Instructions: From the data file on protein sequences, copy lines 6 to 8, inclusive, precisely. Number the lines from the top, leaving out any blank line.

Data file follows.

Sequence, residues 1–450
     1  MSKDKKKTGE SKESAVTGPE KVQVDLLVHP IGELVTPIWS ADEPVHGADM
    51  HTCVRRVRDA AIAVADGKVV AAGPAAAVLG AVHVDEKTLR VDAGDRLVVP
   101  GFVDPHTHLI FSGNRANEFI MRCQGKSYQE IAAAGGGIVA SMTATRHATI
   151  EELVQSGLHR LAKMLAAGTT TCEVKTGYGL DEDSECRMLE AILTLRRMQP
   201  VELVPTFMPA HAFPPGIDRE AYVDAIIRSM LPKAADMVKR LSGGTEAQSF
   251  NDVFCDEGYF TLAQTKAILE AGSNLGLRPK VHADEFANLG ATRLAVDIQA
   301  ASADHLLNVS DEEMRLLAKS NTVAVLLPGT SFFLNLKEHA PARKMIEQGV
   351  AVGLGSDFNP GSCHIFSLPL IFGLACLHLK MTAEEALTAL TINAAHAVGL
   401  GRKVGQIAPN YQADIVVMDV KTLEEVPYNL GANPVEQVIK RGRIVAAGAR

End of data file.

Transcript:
   201  VELVPTFMPA HAFPPGIDRE AYVDAIIRSM LPKAADMVKR LSGGTEAQSF
   251  NDVFCDEGYF TLAQTKAILE AGSNLGLRPK VHADEFANLG ATRLAVDIQA
   301  ASADHLLNVS DEEMRLLAKS NTVAVLLPGT SFFLNLKEHA PARKMIEQGV